Call it a zom-bus!
A confederation of civic-minded Park Slopers is plotting to resurrect a cross-town bus service between the Columbia Street Waterfront District and Crown Heights that the transit authority axed five years ago amidst budget cuts.
The group says business along the old B71 bus line has boomed in the intervening years, but straphangers now are stranded from visiting many of the new hot spots.
“There’s much more commercial and residential activity along the route,” said Michael Cairl, trustee of the Park Slope Civic Council, which unveiled a road map for bringing the service back to life last Wednesday. “You look at the new restaurants on Columbia Street, you look at how hot Franklin Avenue is, and you see the lack of service to those areas.”
The Metropolitan Transit Authority put the brakes on the B71 bus in 2010 when it slashed several services along subway and bus lines to plug its then-$400 million budget gap.
But riders and borough pols successfully petitioned the transit body last year to reawaken the B37 Bay Ridge-to-Barclays bus — another casualty of the cuts — and now the Slope civic is hoping to perform some necromancy of its own.
The old B71 service was notoriously unreliable, say the Slopers, and the authority ultimately sacrificed it due to low ridership. But the would-be resurrectionists claim they can fix both problems by redrawing and extending the route to avoid traffic jams and hit more local attractions
The original bus, which mainly ran along Union Street and Eastern Parkway between Columbia Street in the titular Waterfront District and Sterling Place in Crown Heights, hit major traffic on Union Street below Seventh Avenue and on Eastern Parkway, say the Slopers.
But the reanimated service would detour around both traffic-clogged arteries and also travel farther on both ends of the line under the civic’s plan — Carroll-Gardens-bound buses would hang a right at Columbia Street and keep going to the Pier 6 entrance to Brooklyn Bridge Park, and Crown-Heights-bound fares would continue to Kingston Avenue then loop around to pass the Brooklyn Children’s Museum on Brooklyn Avenue.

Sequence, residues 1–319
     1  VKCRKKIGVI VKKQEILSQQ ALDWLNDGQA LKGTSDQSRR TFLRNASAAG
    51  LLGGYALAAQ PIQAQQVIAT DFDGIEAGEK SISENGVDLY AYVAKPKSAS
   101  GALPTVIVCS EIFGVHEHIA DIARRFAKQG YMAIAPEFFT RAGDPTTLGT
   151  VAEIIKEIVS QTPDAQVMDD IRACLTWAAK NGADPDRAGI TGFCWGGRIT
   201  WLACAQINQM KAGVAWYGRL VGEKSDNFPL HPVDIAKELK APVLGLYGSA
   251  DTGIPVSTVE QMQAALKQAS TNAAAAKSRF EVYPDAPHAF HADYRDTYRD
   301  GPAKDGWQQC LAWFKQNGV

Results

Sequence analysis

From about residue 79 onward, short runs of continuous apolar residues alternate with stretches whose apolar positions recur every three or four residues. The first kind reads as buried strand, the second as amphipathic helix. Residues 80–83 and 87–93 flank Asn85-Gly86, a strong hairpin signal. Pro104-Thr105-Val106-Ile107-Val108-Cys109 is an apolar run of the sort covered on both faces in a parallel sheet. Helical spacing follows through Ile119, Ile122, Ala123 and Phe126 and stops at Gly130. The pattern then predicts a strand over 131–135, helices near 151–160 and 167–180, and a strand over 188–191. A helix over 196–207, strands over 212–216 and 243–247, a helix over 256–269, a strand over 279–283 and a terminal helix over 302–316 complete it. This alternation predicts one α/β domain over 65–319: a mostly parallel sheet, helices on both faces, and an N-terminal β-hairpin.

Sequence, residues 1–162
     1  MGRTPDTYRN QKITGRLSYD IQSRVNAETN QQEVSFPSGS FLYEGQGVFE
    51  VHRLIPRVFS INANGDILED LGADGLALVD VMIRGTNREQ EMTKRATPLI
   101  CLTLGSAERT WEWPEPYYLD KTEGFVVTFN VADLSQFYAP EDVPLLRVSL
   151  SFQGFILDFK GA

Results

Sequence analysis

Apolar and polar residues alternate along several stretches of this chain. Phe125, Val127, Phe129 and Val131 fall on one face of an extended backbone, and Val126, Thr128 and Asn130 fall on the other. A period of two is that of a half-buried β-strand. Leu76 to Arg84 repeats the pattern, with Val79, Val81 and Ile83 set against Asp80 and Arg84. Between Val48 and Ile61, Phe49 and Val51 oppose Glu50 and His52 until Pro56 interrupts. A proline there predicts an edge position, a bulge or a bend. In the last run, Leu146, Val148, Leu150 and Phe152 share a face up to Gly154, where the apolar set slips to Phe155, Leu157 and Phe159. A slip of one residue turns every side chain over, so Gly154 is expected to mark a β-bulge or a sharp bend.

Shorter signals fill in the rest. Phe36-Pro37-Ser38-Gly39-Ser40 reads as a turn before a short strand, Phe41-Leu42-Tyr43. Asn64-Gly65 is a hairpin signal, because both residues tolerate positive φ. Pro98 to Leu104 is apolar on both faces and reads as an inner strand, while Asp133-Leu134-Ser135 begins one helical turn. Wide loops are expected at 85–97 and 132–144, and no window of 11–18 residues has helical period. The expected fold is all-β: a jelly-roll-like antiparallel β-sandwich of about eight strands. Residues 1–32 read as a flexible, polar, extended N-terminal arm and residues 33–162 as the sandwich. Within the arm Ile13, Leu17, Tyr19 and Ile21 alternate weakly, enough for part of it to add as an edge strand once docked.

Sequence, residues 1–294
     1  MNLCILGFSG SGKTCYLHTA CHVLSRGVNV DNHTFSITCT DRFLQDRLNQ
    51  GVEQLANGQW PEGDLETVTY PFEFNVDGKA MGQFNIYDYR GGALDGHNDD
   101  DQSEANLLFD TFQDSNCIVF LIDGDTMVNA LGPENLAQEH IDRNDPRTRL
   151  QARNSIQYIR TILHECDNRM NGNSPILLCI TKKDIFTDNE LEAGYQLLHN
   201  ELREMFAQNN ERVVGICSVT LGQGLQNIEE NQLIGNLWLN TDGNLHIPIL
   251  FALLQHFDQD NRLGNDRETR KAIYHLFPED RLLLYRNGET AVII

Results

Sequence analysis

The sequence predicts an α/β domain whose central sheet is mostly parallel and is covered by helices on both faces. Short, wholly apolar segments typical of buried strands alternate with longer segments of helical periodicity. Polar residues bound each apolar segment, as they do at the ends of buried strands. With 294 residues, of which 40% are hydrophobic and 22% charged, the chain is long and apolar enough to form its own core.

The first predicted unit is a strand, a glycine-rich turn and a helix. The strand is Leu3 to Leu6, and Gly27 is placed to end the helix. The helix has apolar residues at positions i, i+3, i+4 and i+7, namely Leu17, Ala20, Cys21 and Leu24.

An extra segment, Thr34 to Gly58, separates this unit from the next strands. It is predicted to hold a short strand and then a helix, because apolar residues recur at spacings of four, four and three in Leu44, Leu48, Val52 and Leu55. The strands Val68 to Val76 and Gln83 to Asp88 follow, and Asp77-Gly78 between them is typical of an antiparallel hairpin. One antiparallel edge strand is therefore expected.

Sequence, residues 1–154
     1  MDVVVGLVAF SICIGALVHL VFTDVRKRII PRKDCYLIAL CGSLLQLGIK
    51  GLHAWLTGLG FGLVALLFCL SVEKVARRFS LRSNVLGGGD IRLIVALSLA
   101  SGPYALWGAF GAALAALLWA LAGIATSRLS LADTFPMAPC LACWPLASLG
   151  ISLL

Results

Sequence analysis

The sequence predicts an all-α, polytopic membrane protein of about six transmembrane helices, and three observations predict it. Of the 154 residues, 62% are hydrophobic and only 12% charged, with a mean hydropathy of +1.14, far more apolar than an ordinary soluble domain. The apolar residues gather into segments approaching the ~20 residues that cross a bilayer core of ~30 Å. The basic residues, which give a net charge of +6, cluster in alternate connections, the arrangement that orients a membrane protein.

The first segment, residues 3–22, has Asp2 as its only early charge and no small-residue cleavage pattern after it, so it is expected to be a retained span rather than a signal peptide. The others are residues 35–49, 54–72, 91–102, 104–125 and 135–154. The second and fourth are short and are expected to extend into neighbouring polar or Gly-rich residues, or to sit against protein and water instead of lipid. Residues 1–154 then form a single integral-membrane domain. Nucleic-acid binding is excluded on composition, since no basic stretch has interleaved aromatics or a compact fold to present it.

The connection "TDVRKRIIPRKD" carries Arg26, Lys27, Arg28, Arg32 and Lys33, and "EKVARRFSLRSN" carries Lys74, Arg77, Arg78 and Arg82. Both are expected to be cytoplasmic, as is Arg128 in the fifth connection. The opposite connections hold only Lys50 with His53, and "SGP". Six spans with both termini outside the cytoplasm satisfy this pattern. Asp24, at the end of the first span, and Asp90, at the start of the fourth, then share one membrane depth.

The Slope society also believes the B71’s service hours, which ended at 9 pm, left the dinner crowd out in the cold, and want the resuscitated line to run until 11:30 pm.
But much like the old B71, the group is in no rush to roll out. The members will first attempt to get other like-minded civic associations on board with their proposal, then seek endorsements from local community boards and elected officials, before finally delivering their demands to the Metropolitan Transit Authority, said Cairl.
“The strategy for this is very carefully devised,” he said. “We don’t want a half-baked proposal ending up before the elects. We want this to be thought out and have considerable support before they see it.”
But not everyone is thrilled at the prospect of the B71’s return from the grave — one business owner along the defunct route said a new bike lane on Eastern Parkway is already backing-up traffic and a bus would make things even worse.
“I think that a bus on this route would be terrible,” said restaurateur Cilan Toturkul, owner of El Barrio Burritos on Franklin Avenue between Eastern Parkway and Lincoln Place. “I do want to see more people coming through, but a bus is more negative than positive.”